Novel Coronavirus (COVID-19)
> Information for Screening Program clients is available here.
> Information for physicians is available here.
Information for Patients
Keeping Patients Safe
COVID-19 can affect cancer patients more severely than the general population. Keeping patients safe is our priority. The Saskatchewan Cancer Agency will phone cancer patients before upcoming appointments to ask you about your health, discuss your concerns, and walk you through what you can expect at your appointment.
> More information for patients is available on our FAQs for Cancer Patients page.
Testing for COVID-19
The Saskatchewan Cancer Agency is currently working on guidelines for testing cancer patients on treatment who are not experiencing symptoms (asymptomatic) of COVID-19, as an added precautionary measure. Currently, a phased approach for testing will take place based on recommendations from healthcare teams for patients as follows:
- Patients on treatment from areas of concern.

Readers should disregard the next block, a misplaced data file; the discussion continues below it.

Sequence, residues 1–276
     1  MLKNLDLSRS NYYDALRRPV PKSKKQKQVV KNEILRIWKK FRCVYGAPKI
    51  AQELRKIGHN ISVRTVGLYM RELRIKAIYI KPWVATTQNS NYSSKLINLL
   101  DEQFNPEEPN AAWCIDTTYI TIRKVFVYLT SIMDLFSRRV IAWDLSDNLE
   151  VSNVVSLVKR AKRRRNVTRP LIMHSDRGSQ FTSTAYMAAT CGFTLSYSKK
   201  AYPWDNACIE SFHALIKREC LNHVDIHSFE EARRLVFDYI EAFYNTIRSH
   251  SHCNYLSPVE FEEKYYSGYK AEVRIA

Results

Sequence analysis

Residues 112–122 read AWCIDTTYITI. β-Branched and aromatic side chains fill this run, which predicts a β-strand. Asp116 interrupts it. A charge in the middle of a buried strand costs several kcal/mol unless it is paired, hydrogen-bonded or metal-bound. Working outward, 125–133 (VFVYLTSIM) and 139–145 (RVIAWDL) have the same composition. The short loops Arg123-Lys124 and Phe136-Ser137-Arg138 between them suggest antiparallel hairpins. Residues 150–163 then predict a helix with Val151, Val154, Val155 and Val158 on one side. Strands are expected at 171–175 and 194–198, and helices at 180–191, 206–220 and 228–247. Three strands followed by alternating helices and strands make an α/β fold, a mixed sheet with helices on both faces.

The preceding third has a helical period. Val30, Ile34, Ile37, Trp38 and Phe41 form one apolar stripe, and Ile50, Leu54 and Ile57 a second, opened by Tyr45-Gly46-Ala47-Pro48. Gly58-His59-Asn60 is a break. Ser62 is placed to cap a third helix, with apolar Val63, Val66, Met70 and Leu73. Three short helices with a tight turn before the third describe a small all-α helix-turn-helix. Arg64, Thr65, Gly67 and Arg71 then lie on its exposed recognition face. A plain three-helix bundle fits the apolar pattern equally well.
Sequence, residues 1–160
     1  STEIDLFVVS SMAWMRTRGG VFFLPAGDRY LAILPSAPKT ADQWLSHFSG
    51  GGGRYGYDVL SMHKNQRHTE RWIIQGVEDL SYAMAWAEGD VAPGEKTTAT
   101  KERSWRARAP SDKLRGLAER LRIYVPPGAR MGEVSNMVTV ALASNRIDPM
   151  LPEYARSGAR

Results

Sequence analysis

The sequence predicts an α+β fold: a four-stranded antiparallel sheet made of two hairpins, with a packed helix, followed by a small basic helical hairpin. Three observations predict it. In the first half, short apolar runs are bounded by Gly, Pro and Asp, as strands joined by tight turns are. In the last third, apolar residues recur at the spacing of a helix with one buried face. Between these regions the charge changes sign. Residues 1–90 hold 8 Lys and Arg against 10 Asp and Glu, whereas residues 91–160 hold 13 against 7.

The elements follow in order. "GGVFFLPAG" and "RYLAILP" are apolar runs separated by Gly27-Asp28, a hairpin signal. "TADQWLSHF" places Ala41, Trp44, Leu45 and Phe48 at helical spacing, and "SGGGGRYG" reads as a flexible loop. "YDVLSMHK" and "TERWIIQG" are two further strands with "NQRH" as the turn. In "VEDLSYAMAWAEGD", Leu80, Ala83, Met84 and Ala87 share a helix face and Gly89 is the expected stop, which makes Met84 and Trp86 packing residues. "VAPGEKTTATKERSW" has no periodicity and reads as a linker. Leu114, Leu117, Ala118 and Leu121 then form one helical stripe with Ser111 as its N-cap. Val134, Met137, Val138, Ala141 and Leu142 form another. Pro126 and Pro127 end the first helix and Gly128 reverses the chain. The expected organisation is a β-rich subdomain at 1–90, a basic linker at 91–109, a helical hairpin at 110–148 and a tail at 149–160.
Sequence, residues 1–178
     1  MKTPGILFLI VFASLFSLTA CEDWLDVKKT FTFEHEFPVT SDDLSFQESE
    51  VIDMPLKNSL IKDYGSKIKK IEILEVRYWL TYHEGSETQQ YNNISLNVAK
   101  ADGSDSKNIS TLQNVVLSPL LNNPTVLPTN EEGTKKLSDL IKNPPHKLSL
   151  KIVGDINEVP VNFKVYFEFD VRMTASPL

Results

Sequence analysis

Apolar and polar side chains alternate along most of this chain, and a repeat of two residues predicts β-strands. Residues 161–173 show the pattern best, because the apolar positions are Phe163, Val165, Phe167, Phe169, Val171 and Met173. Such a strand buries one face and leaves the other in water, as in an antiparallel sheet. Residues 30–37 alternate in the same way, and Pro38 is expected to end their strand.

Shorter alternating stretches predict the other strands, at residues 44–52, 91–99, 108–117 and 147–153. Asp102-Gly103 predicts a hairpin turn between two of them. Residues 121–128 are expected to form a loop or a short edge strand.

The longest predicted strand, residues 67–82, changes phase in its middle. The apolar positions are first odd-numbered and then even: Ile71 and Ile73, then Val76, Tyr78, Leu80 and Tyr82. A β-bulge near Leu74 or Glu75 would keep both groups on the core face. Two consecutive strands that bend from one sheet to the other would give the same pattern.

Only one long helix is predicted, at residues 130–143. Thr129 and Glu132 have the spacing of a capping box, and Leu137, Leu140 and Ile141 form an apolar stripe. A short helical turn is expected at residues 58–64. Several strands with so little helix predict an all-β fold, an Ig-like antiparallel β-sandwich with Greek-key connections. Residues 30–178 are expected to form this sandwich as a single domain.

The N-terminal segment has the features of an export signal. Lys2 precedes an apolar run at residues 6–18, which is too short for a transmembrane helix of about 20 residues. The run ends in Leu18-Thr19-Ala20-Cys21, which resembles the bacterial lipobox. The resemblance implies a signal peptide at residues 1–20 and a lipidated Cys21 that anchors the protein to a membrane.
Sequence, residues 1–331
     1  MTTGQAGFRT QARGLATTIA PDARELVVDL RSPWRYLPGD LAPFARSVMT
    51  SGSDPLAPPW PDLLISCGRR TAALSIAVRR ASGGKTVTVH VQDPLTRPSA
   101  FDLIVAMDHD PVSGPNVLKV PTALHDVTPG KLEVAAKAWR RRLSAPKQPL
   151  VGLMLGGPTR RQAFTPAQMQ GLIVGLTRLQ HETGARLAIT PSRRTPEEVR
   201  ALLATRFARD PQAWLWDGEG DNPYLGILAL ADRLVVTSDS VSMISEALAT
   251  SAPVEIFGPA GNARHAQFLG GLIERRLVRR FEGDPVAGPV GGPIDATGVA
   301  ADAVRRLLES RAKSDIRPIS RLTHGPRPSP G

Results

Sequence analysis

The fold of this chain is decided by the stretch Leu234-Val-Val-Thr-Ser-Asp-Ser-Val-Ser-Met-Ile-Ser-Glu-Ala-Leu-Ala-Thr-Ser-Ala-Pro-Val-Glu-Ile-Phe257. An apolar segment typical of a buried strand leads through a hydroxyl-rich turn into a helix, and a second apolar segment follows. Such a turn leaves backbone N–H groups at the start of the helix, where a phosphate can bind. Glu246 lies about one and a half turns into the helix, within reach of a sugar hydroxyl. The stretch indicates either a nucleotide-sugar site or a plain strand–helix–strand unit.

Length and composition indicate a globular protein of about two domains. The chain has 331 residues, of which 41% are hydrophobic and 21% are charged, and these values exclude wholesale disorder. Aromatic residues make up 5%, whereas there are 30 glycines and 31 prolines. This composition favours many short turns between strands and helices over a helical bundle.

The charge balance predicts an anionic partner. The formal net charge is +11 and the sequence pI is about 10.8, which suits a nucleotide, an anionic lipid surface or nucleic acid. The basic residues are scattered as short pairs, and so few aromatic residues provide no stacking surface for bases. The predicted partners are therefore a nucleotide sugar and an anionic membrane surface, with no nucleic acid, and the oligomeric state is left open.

- Patients on treatment with lung cancer.
A more detailed plan for testing asymptomatic (not experiencing symtpoms) cancer patients receiving treatment will be developed in the near future.
If you are an asymptomatic (not experiencing symtpoms) cancer patient who is not receiving treatment, you are eligible for testing and can call 811 to have this test performed.
If you have any questions or concerns, please call the cancer centre to speak with a member of your healthcare team:
Allan Blair Cancer Centre: 306-766-2213
Saskatoon Cancer Centre: 306-655-2662
(phone lines monitored Monday to Friday, 8:00 am - 4:30 pm)
When you come to the cancer centre for your appointment, you will be screened for symptoms (respiratory symptoms, travel history, fever). Patients with a positive screen will then be further assessed by cancer centre staff. You will be provided with a surgical mask and asked to wear it for the duration of their time in the cancer centre. Support people who are permitted to attend patient appointments will also be provided with a mask that they will be required to wear. Staff will also be masked.